No significant associations were detected with similar multivariate analyses of incident myopia conducted in Malays (n = 293) and Indians (n = 97), because of small sample sizes (Table 3) . Only the association of incident myopia for children with two myopic parents versus no myopic parents in Malay children was of borderline significance: RR = 2.29 (95% CI, 1.05–4.97; P = 0.04). The analysis of the influence of ethnicity on the development of myopia in all children in the cohort was also evaluated. After adjustment for school, age, gender, income, IQ scores, reading in books per week, and number of parents with myopia, the RR of myopia for Malays versus Chinese was 0.63 (95% CI, 0.48–0.83; P < 0.001), Indians versus Chinese was 0.96 (95% CI, 0.68–1.37; P = 0.84), and other ethnicities versus Chinese was 0.68 (95% CI, 0.30–1.54; P = 0.36). 
Discussion
This is one of the first prospective cohort investigations of the major possible risk factors for myopia. The risks of development of myopia in Chinese children were evaluated and found to be higher in children aged 7 to 9 years without myopia at baseline who were younger, female, had higher IQ scores, and had parents with myopia. In Chinese children, the multivariate analyses for incident myopia were robust across the different definitions of incident myopia of −0.5, −0.75, and −1.0 D. The consistency of the results from the three approaches using different definitions of myopia (−0.5, −0.75, and −1.0 D) supports possible associations between these factors and the development of myopia. In addition, the presentation of data using these three common definitions facilitates comparability with other studies. Secondary analyses were performed in Malays and Indians, but these findings are not conclusive because of the small number of Malays and Indians in our cohort. 
The risks of myopia were higher in Chinese children who are aged 7 years than in those aged 9 years at baseline. In this cohort, the prevalence rates of myopia in all 1478 Chinese children at baseline were 24.7% in 7-year-olds, 31.3% in 8-year-olds, and 49.7% in 9-year-olds. Thus, there may be an age effect. Twice as many of the 9-year-olds compared with 7-year-olds are already myopic. There are fewer older children at risk of development of myopia, since half of the 9-year-olds, but only one fourth of the 7-year-olds, were already myopic at baseline.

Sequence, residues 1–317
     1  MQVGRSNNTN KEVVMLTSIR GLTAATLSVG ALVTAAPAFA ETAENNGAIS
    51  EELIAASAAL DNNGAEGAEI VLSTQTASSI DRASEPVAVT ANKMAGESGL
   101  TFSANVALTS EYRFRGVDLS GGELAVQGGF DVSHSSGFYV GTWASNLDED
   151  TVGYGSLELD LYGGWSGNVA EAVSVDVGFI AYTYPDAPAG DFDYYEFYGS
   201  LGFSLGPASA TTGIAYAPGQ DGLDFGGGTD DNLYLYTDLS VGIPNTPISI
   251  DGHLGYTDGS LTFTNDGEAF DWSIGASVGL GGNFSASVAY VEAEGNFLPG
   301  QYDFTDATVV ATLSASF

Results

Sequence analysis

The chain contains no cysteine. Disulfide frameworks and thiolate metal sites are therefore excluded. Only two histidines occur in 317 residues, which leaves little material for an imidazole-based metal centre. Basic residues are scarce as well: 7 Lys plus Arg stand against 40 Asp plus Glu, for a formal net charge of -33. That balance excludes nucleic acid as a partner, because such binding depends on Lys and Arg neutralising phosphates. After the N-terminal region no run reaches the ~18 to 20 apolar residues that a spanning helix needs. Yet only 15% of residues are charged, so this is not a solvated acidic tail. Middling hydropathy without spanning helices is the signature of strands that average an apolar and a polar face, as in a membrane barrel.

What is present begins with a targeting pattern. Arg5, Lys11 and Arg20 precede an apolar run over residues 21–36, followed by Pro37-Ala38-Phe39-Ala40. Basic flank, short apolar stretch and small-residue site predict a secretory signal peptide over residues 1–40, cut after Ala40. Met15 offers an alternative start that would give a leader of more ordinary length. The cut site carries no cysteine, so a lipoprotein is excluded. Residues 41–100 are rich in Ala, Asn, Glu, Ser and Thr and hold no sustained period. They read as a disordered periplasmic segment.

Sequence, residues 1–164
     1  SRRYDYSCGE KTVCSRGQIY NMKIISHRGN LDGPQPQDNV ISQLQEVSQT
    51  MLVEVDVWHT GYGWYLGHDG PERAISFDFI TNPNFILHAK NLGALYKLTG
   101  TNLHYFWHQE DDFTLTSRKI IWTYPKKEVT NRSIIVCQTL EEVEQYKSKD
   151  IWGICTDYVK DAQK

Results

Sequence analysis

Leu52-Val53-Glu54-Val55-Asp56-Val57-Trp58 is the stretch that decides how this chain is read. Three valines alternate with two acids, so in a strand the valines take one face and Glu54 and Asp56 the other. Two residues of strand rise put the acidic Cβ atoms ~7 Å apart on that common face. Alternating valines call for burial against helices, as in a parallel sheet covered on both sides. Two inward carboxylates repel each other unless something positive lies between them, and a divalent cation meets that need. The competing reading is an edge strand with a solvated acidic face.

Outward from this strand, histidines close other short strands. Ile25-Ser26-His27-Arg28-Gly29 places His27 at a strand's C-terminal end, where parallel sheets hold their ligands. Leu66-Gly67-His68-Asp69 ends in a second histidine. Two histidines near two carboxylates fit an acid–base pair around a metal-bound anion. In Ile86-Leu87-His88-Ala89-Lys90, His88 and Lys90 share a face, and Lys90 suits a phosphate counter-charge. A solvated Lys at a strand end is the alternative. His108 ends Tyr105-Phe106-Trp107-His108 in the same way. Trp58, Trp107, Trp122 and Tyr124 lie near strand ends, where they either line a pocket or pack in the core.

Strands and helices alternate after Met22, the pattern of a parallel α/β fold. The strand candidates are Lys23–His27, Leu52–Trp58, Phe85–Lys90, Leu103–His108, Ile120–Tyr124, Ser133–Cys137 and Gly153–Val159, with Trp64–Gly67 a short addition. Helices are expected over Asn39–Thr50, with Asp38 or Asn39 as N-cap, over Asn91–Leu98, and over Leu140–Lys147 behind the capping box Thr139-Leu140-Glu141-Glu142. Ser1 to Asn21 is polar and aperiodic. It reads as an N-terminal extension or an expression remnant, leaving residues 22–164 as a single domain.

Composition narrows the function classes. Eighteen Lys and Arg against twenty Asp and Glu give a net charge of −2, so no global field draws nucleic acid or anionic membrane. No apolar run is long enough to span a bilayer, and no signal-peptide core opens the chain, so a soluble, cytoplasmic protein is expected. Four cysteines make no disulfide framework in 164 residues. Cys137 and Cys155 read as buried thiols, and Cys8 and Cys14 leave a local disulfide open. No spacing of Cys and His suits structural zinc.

Although prior cross-sectional studies have found that higher IQ scores and parental myopia are associated with myopia, the relative strengths of each association and temporal nature of the relationships have not been well established. 6 7 Our cohort study delineates in a single study population, the potential risk factors for incident myopia in a clear, temporal fashion. In multivariate analyses, there were positive relationships between IQ and parental myopia at baseline with the subsequent development of myopia in Chinese children within the next 3 years. Recall bias is less likely to occur in the present study compared with previous cross-sectional studies, because only children without myopia are enrolled in this cohort and the parents’ risk factor questionnaire data were collected at baseline before the children converted to myopia. 
Parental myopia was a significant risk factor for myopia in our population and could denote a hereditary origin, similar parent–child environment, or a combination of both. This relationship remained significant in Chinese children, regardless of whether incident myopia was defined as −0.5, −0.75, or −1.0 D. Other factors that may contribute to increased risks of myopia such as IQ were accounted for, and we found an independent association of parental myopia and the development of myopia, at least in linear models. Parental myopia is a complex measure, because the extent of similarities between the parent and child’s lifestyles may differ between families. Other available evidence of parental history of myopia as a risk factor has been studied primarily in cross-sectional association studies. There are no reports of prospective cohort studies of parental myopia and the development of new cases of myopia in Asian children. Children with a parental history of myopia had longer eyes and more myopic refractive error in a cross-sectional sample of the Orinda Longitudinal Study of Myopia of 716 children aged 6 to 14 years. 4 However, a report of 514 younger preschool Hong Kong children aged 2 to 6 years did not show any association between premyopic eye size and parental history of myopia. 14 Perhaps this association only becomes evident in older children who have already been exposed to early environmental factors. A cross-sectional study of Taiwanese adults aged 17 to 45 years found that the odds ratios of mild, moderate, and high myopia were 2.5, 3.7, and more than 5.5, respectively, if there was one or more highly myopic parent. 15 In an investigation of family history and adult-onset myopia in 66 myopic and 116 nonmyopic adults aged 25 to 35 years, myopia was associated with family history of myopia, even after adjustment for daily hours of reading (P < 0.005). 16 Thus, the link between family history and myopia has been observed across different age and ethnic groups. In our cohort, we demonstrated this association in a prospective fashion. The advantage of this analysis is that the effect of parental myopia, including any common environmental factor, is determined at the time the child was not myopic and before the onset of any myopia.